Debbie Gibson was the Taylor Swift of the 1980s. A young, talented and pretty singer who wrote some of her own songs, the 17-year-old burst onto the scene in 1987 with the album Out of the Blue, which yielded four Top 10 hits, including the No. 1 smash “Foolish Beat.”
The sensation lasted all of two years. Gibson had her last Top 10 hit in 1989. What happened?
At first, she was on top of the world. She went into the Guinness Book of World Records as the youngest person to produce, write and perform a No. 1 song. Her second LP, Electric Youth, went to Number 1, as did her single “Lost in Your Eyes.” She shared ASCAP Songwriter of the Year honors with Bruce Springsteen in 1989.
But too much of a good thing can wear on people. Debbie Gibson was everywhere — on the cover of teen magazines, on MTV, and in retail stores, where her perfume, Electric Youth, and other teen makeup products were being sold. And while Electric Youth was a No. 1 album, it spawned only the one Top 10 hit; three others failed to go that high.
As Gibson grew older, so did her fan base, and they moved on to other dance-pop artists such as Janet Jackson and Paula Abdul. Grunge hit the music scene in 1991, and suddenly there wasn’t room for a female teen idol anymore. But that didn’t stop Gibson. She moved to the theater, starring on Broadway in “Les Miserables” in 1992 and then selling out London’s West End Production of “Grease” as Sandy in 1993 — a part that she got from an audition pool of 800 women.
She released two more albums with Atlantic Records in 1990 and 1993 before signing with EMI Records in 1995. She released two more albums on her own record labels in 1997 and 2001. She then went back to Broadway, getting the role of Belle in Disney’s “Beauty and the Beast.” She also starred in the National Production of “Cinderella” in 2001.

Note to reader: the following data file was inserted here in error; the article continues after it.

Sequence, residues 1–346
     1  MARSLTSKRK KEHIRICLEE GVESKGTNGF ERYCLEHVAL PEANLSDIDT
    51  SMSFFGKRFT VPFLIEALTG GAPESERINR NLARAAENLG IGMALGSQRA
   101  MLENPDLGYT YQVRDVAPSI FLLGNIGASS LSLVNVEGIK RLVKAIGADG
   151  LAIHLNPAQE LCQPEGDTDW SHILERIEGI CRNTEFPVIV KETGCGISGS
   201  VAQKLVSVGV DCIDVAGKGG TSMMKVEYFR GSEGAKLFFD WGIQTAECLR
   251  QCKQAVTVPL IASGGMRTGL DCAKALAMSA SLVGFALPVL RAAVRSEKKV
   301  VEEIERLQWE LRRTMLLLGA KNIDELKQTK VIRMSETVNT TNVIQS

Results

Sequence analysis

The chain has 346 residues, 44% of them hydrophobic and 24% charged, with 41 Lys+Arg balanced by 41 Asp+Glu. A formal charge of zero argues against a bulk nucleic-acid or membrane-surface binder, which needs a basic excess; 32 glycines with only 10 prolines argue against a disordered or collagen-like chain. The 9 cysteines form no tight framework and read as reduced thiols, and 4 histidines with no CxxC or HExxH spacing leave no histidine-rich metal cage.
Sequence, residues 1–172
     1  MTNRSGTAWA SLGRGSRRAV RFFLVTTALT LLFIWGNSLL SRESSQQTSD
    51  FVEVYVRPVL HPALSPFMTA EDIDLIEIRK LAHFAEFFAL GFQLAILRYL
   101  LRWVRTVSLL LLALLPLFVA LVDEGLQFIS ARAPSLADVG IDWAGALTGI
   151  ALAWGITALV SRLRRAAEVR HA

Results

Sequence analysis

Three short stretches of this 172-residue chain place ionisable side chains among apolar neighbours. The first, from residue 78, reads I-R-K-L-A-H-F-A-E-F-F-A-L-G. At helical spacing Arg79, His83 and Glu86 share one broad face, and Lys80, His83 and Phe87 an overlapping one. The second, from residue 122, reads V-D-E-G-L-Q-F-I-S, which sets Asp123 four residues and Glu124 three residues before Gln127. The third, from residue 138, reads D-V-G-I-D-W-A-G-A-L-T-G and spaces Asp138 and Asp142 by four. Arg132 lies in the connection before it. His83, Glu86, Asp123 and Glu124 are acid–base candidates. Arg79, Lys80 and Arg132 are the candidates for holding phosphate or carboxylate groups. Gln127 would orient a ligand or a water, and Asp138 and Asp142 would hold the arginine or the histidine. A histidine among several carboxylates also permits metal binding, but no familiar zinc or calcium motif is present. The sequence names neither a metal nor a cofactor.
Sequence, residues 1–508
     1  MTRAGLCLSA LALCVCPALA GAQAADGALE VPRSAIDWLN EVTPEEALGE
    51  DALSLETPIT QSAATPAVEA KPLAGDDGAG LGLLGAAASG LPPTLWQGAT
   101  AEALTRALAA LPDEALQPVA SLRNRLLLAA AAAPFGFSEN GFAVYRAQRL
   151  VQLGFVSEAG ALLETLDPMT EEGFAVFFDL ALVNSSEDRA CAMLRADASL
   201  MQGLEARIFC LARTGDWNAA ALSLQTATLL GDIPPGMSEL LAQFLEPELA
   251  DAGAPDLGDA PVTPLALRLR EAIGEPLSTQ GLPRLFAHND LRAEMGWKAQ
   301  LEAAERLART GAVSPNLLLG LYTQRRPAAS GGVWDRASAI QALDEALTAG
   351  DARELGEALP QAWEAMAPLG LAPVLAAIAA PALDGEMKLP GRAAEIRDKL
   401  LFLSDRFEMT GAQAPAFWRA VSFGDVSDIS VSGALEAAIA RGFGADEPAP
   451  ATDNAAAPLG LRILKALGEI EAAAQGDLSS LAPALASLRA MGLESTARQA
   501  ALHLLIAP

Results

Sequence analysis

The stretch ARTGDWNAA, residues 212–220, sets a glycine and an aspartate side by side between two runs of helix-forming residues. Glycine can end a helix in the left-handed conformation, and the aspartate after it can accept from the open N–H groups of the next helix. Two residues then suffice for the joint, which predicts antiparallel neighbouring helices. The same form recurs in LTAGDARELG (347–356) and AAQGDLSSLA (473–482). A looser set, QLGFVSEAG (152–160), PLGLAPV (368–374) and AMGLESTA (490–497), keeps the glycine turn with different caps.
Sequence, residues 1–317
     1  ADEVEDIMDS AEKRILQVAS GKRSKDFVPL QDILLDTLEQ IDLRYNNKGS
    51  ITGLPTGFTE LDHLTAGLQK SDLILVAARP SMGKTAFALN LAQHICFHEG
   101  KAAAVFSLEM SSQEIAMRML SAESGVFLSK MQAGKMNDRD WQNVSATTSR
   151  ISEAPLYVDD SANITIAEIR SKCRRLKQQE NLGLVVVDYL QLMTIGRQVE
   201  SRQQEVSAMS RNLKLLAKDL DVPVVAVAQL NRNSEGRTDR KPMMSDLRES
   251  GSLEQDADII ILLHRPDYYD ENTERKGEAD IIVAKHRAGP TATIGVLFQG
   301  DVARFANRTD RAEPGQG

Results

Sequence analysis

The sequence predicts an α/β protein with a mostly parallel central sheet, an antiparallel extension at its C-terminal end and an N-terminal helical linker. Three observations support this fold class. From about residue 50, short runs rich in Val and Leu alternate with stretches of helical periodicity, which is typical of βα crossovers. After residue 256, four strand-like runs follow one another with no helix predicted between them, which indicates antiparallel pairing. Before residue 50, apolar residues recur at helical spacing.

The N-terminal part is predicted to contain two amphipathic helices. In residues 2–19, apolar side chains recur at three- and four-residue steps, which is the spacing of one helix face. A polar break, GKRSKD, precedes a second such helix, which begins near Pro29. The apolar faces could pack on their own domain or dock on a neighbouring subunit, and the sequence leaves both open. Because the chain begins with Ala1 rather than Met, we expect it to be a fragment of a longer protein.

Eager to shed her nice-girl image, in March 2005 Gibson posed nude for Playboy magazine. The pictorial coincided with the release of her new single, appropriately titled “Naked.” The single barely cracked the Top 40 Billboard Hot Single Sales chart.
Gibson then went to the big screen, co-starring with Lorenzo Lamas in the low-budget film “Mega Shark Versus Giant Octopus” in 2009. Gibson reprised her role two years later, this time co-starring with fellow teen sensation Tiffany in “Mega Python vs. Gatoroid.” She did it one more time in the 2014 film “Mega Shark Versus Mecha Shark.” She also had several appearances on celebrity TV shows: “Celebrity Apprentice,” “Skating with Celebrities,” and “Dancing with the Stars.” In 2016, she starred in the Hallmark Channel’s movie “Summer of Dreams.”
All during this time, her presence was called for as a former teen idol. She appeared in Katy Perry’s music video for “Last Friday Night (TGIF)” in 2011, and performed in the “I Want My 80s Concert” at The Theatre at Madison Square Garden in 2015.
In 2016, after the death of Prince, Gibson came clean on “Oprah: Where Are They Now?”, admitting to using prescription drugs while she was on Broadway. “Performers use prescription medications to get through their careers and their lives ? to get a good night’s sleep and to get that body on the stage because they have to deliver,” she said. “It’s a really serious problem.”
After accusing everyone on Broadway of using steroids on the show, she issued an apology on her blog. “I did not mean to imply that everyone on stage is reliant on substances to deliver the amazing performances I have witnessed first hand,” she wrote. “This is not aimed at anyone in particular. It is not aimed at anyone at all.”
2019 ended up being a comeback year for Gibson, who performed on the Mixtape Tour along with Tiffany, Salt-N-Pepa, Naughty by Nature, and New Kids on the Block. She also released a new single called “Girls Night Out,” which peaked at No. 4 on the Billboard Dance Club chart.
In the COVID-riddled year of 2020, Gibson is working on not one, but two albums. “I love a good ‘I told you so moment’ because I’ve been counted out and told ‘no’ so many times,” she told Newsday. “I’d love to be 50 putting out an album that people of my generation can relate to that also feels modern.”